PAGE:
Scott Dixon brought a surprise home Jan. 14, which he says will fit nicely in his office next to the BorgWarner Championship Driver’s Trophy for winning the 2008 Indianapolis 500.
Dixon, who earned his third IndyCar Series championship last Oct. 19 at Auto Club Speedway, was presented a miniature replica of Astor Cup during an event at the Indianapolis Motor Speedway Hall of Fame Museum featuring the four current IndyCar Series drivers to win the Indianapolis 500.
The trophy was commissioned by Vincent Astor, son of industrialist John Jacob Astor, to be awarded to the winner of the Astor Cup Challenge — a 350-mile race in 1915 on a 2-mile board track at Sheepshead Bay, N.Y. In 2011, INDYCAR, paying tribute to the heritage of North American open-wheel racing, initiated presenting the Astor Cup to the IndyCar Series champion.
The names of all Indy car champions from 1909 (George Robertson; American Automobile Association) to the present are laser-etched into the two black granite bases of the sterling silver trophy. The miniature versions — one each for the driver and winning team owner — are keepsakes.
“Nice trophy; I hope to get one this year,” said three-time Indianapolis 500 winner Helio Castroneves, who was the 2013 championship runner-up.
Dixon and Castoneves were joined by reigning Indy 500 champion Tony Kanaan and 2000 winner Juan Pablo Montoya, who will join Team Penske for the 18-race season that commences with the Firestone Grand Prix of St. Petersburg on March 30. The 98th Indianapolis 500 is May 25.
Juan Pablo Montoya“It’s pretty exciting (though) I really haven’t thought about it too much,” Montoya said. “If you think about it, I’m 1-for-1 here and it would be cool to be 2-for-2.”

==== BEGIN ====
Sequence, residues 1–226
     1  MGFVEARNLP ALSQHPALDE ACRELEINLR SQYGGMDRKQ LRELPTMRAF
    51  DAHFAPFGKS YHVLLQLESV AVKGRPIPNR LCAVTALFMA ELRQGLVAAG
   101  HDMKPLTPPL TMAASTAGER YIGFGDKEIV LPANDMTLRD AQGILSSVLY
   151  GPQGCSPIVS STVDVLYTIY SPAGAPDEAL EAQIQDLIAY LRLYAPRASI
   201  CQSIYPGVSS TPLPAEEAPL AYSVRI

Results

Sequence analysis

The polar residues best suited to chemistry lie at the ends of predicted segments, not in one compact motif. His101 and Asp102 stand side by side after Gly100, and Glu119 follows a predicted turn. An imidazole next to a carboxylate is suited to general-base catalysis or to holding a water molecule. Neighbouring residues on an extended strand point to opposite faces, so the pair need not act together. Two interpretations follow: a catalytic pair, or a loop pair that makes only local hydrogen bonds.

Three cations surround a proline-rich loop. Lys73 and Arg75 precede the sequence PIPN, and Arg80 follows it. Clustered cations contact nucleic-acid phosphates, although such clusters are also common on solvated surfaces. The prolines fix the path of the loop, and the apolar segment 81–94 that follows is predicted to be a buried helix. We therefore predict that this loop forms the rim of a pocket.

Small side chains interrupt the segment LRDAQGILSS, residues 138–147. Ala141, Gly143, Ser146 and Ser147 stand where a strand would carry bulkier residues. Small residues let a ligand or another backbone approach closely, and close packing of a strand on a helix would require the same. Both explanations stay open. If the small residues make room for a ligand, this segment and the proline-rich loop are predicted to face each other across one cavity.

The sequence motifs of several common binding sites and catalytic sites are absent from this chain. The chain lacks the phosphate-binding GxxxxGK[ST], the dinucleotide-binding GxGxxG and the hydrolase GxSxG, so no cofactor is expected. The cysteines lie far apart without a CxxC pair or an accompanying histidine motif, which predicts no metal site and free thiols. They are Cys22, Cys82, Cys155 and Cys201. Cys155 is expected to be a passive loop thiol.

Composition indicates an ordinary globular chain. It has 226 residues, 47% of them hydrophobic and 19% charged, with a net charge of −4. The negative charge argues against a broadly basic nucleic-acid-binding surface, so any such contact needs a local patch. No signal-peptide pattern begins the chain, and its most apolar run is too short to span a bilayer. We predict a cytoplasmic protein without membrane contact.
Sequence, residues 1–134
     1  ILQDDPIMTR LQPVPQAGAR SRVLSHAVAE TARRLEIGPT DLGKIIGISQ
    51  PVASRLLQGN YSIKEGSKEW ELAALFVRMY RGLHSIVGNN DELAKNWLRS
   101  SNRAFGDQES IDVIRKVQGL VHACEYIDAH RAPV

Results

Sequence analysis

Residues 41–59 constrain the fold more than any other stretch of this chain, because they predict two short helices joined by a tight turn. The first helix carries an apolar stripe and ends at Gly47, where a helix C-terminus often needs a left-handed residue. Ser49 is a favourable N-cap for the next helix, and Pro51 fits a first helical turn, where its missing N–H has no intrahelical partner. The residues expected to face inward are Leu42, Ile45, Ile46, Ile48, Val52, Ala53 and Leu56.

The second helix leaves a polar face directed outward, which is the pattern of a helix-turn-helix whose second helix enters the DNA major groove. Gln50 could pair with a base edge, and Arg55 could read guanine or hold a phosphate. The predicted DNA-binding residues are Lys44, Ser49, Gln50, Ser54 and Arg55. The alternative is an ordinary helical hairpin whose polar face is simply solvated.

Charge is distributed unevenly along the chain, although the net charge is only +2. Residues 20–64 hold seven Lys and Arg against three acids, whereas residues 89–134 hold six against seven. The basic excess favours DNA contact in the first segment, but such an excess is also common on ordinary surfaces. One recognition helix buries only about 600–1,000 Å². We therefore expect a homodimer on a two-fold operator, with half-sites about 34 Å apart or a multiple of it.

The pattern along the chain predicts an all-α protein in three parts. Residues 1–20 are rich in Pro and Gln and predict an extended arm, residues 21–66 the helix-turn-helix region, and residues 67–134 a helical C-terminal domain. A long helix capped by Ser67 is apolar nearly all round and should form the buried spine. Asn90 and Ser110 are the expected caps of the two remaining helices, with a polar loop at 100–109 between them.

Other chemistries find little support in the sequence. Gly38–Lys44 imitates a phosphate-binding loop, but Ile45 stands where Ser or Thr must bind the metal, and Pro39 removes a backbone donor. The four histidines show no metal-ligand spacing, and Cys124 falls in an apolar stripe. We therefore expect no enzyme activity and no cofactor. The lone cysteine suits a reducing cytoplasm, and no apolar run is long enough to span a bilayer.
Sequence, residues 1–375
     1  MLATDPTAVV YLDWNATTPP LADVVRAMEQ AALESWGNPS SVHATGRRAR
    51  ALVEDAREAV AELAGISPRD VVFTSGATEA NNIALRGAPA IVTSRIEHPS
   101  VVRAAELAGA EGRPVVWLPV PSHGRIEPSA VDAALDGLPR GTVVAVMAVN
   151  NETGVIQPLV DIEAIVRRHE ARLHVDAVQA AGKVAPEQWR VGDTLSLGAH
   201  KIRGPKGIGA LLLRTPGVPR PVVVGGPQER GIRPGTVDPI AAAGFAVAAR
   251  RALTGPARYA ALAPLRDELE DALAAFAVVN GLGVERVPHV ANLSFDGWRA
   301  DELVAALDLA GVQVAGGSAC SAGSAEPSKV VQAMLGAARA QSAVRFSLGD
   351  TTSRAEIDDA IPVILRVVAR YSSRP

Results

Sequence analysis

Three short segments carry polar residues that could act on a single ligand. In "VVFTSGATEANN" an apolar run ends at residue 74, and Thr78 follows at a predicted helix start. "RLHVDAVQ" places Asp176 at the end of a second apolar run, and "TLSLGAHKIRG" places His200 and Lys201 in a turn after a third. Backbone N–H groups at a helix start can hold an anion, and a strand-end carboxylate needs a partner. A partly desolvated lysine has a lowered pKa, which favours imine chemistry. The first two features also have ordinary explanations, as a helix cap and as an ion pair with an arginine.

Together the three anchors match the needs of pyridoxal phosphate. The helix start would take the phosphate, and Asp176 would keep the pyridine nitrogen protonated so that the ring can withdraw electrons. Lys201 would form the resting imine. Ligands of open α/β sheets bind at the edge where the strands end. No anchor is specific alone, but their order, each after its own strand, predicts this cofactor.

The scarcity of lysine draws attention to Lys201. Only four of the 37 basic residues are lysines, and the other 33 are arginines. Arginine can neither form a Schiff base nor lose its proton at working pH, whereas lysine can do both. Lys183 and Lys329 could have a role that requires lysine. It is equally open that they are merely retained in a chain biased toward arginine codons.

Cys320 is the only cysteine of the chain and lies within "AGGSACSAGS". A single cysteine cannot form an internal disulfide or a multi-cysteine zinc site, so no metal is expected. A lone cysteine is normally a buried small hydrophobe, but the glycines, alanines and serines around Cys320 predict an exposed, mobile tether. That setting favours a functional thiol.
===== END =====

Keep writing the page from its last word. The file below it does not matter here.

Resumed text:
Earlier in the day, the drivers participated in the first of the two-day winter meetings with INDYCAR officials. Competition, rules and safety upgrades were among the items discussed.
“It is like coming back to school,” Castroneves said. “We’ve had a long offseason and now it’s like, ‘OK, we need to get back in the seat and start driving and racing again.’ The good news is we’re all working together to enhance the sport, especially for the fans. But we want to make the racing fair and better for everyone.
“We spent a lot of time and had a lot of questions and trying to brainstorm with everyone in the same room. Even though everyone didn’t agree all the time, we’re trying to make it better and special.”
Added Montoya, who attended his first round of meetings under INDYCAR sanction: “We all have opinions. We all have our own way of looking at things. To get everybody to agree with everything is hard. I think it’s really good of INDYCAR to care what we think. We’re working together. How can we make things better for everybody for the series? I think INDYCAR is really doing a good job with that.”
The second day will focus on initiatives to grow the sport.
“We cannot wait for St. Petersburg to kick off the 2014 IndyCar Series season and we really got the juices flowing today with the drivers all coming together,” said Mark Miles, CEO of Hulman and Co., the parent of INDYCAR. “When you get that much competitive energy and experience in a room, I didn’t know what to expect. These guys dug in and were very productive. It was a very robust first day.
“We are eager to get on with growing IndyCar racing in 2014.”